Bob's your uncle
"Bob's your uncle" is a way of saying "you're all set" or "there you go." It is much like the French expression Viola.
The Brits use this one a lot and I think it’s funny. The first time my friend David used it I laughed and asked him to repeat it.
For example, if asking someone how to make toast they might say, “Plug it in, put your bread in this slot, slide this knob down, and Bob’s your uncle”.
The saying may date back to 1887, when British Prime Minister Robert Cecil (a.k.a. Lord Salisbury) appointed Arthur Balfour to the post of Chief Secretary for Ireland. Robert Cecil happened to be Arthur Balfour’s "Uncle Bob". This did not make the public happy and "Bob's your uncle" became a popular sarcastic comment that was used to express nepotism.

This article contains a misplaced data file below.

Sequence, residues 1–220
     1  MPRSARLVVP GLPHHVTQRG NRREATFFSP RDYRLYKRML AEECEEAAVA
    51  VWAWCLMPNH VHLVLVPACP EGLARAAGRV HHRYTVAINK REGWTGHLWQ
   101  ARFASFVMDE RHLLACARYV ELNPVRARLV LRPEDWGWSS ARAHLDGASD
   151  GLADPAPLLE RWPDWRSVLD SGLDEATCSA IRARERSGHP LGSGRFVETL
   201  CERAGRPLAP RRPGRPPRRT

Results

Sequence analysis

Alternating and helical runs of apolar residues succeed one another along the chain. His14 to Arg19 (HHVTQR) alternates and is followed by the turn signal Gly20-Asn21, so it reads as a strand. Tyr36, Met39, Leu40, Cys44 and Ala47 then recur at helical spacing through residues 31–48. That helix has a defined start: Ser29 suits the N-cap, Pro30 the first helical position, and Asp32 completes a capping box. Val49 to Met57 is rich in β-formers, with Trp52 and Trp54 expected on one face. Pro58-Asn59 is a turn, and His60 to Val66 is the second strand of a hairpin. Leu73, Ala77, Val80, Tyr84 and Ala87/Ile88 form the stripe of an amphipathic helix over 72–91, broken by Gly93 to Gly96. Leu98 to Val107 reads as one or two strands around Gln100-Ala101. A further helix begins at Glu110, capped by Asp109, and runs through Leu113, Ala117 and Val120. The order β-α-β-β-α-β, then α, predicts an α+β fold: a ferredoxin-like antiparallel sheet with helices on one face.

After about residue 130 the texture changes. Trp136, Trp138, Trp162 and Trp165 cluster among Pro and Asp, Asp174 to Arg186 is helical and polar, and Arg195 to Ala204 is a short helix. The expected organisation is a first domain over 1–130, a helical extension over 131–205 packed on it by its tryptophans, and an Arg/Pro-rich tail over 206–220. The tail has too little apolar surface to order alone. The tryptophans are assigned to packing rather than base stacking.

Another theory according to worldwidewords.org is that it comes from the slang phrase all is bob, meaning that everything is safe, pleasant or satisfactory.
I know a lot of Bob's myself, Bob's my father, Bob's my brother, Bob's my cousin, and Bob is my Godfather, and my uncle. No, they are not all the same Bob, it's just a name my family obviously liked. Maybe there are so many Bobs in the world one is bound to be your uncle.